The river that is part of our bodies just as it is part of the country. We will carry this river with us. We were born from it and we will return to it, and like the soldiers in the boat riding its cordial passageways the river treats each visitor equally–with the same complacent undertows and swells, currents gravitating seaward, Khalil and I struggle against its flow, against the natural order of war and whatever follows the war.
If we are escaping one thing, we are following something else. Are we brave enough to admit this?
-from the laptop of Salim Abid
It’s no secret.
I’ve been a huge supporter of all the awesome things Justin Sirois and Haneen Alshujairy have cooked up over the past few years. MLKNG SCKLS was one of the first books on the Vouched table, and continues to hold a place there today. I pushed as hard as I could to support the Understanding Campaign in its fledgling state as a blog, and then later for their huge Kickstarter undertaking.
And now, I’m so stoked to have gotten this email from Publishing Genius Press today about the launch of pre-orders for Falcons on the Floor, a book I’ve been anticipating for a long, long time:
I’m excited to announce that Justin Sirois’s much anticipated novel, Falcons on the Floor, is up for pre-order today! This one means a lot to me because of the scope of the book. It’s about Salim and Khalil, two young friends escaping Fallujah, Iraq, at the height of the war. Carefully researched with Haneen Alshujairy, herself an Iraqi refugee, Falcons on the Floor was praised by Dahr Jamail for its “deep understanding of what occupation does, to civilians and soldiers alike.”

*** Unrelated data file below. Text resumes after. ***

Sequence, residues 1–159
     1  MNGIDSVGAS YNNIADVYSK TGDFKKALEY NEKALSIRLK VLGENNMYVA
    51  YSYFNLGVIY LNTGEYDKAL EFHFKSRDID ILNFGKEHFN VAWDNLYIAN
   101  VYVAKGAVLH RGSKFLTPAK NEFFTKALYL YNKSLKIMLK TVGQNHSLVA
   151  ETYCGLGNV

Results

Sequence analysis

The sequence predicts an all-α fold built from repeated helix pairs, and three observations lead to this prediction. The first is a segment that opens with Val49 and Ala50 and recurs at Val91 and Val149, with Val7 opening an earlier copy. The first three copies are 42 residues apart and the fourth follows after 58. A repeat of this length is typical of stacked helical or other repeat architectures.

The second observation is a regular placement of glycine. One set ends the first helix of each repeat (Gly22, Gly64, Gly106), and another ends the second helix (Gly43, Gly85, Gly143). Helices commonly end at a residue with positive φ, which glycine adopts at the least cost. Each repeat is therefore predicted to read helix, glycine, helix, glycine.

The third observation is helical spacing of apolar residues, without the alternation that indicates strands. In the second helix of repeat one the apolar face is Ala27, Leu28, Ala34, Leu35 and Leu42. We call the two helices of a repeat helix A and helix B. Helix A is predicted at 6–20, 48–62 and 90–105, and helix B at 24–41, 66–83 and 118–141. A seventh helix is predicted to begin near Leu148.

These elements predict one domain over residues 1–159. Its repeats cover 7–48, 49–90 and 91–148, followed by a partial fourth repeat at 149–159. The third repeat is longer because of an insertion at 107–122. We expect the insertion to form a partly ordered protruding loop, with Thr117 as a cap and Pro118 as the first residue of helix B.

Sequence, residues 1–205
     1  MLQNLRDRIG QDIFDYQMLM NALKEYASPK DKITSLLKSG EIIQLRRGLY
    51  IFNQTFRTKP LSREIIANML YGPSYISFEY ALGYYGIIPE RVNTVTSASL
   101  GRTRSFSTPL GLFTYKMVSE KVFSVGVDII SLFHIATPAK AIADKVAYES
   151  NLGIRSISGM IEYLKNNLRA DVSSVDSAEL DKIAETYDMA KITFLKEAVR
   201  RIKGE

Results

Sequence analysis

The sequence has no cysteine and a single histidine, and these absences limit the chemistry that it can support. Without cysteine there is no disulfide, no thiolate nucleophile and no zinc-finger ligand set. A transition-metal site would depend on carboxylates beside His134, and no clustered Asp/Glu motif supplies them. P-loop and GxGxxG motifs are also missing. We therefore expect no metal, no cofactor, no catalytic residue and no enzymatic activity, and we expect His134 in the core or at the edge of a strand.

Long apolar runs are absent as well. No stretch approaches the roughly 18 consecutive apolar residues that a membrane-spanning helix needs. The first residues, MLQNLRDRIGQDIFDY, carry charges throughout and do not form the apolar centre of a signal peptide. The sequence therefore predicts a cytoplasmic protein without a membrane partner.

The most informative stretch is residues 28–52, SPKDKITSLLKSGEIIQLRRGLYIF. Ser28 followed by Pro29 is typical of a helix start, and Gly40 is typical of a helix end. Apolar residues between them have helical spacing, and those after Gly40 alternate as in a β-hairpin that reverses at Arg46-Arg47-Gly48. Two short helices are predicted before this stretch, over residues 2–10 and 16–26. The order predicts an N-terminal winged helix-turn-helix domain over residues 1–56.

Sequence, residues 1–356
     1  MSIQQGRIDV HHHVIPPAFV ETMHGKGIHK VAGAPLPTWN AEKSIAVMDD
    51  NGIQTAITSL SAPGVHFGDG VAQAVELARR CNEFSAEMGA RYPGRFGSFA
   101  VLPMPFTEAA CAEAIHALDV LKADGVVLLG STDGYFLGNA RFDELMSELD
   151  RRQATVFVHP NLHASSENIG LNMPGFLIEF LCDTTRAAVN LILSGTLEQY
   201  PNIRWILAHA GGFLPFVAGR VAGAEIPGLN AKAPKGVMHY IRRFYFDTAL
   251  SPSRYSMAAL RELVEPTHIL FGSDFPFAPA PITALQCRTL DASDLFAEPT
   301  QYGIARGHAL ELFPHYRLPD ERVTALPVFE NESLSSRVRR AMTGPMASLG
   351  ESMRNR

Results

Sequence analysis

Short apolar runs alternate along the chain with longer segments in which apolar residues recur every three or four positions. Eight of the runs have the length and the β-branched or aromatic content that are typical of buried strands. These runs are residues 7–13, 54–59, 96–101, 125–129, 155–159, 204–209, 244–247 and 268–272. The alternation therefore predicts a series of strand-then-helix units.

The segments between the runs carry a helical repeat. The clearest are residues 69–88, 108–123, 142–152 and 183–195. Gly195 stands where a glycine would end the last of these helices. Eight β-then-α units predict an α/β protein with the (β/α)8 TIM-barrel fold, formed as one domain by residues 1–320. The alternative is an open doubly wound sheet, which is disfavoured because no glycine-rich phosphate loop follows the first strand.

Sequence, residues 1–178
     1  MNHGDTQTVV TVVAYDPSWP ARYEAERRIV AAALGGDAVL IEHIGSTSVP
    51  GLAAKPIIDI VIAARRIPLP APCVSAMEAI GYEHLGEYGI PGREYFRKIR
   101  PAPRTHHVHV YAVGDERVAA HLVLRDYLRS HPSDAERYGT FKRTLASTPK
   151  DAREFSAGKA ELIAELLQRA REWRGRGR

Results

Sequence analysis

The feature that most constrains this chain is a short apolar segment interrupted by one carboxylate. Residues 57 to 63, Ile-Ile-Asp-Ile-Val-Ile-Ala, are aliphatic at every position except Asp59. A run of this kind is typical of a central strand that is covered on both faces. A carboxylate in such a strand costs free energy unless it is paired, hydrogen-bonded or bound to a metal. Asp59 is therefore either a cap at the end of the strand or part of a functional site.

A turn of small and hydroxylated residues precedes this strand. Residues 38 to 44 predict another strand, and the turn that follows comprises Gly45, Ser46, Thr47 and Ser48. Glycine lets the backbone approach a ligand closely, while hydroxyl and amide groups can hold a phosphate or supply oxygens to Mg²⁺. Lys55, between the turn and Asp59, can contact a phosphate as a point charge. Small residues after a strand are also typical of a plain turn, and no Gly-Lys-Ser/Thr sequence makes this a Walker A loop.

Order it in the next few days for just $12 and you’ll get a signed copy bundled with a unique art print (see it below). Plus you’ll be entered to win a bonus hardcover version (very limited edition). More information is at www.FalconsontheFloor.com. The book should ship in December, but it’s not out officially till March.
I can’t recommend this book enough. It’s very existence means the world is and can be a better place.
This month, Justin Sirois is guest editor over at Everyday Genius. All the pieces published this month are responses to an animated gif, like this one to which Lily Hoang responded to with her story “Twins.”
She’d always wanted girls, two of them twins twinning and twisting, she always imagined they’d be the same, look the same, speak in their special twin language. Instead, she got boys, two of them, not twins in the least, different as planets from separate galaxies: more like one was a burnt out moon full of dust and death, the other like a pale planet one its way out. Determined, she calls them Shelley and Sheldon. Determined, she puts them in the same clothes. They are a riot of a bunch, if two could ever be called a bunch. And she bunches their hair into horse’s tails: she calls them unicorns, their little penises had to have some use.
There’s something terrifying to me about this story. This story reads like an underlying fairytale, but I can’t help but remember my dad telling me once how my mom had it all planned out. She wanted a boy and a girl. I was supposed to be the girl. She even had a name for me: Angie Dawn.
But when I came out of that womb, my tiny newborn penis the heir apparent and the doctor, “Congratulations, Mrs. Newgent. It’s a boy,” I wonder if there was a disappointment there. I wonder if my mother’s first thought about me beyond the elation of her labor coming to an end was disappointment.
Shortly after my mother died, I was checking out at a local grocery store. My girlfriend at the time and I were there buying groceries, and I think I said something jokingly that ended up sounding kind of prickish, and I immediately apologized, felt awful. The lady at the cash register just laughed, smiled at me, said, “Oh, I know it was a joke. You seem like a nice young man. Your mother would be proud.”
It stopped me dead in my tracks. I just stared at her, unmoving. I almost cried right there in the checkout line. It was months after my mom’s death. I could laugh easily when a friend accidentally tossed a “Your mom,” joke my way. And this lady, out of nowhere, “Your mother would be proud.” I gathered my groceries. It was all I could do to walk away, and God, I hope she’s right.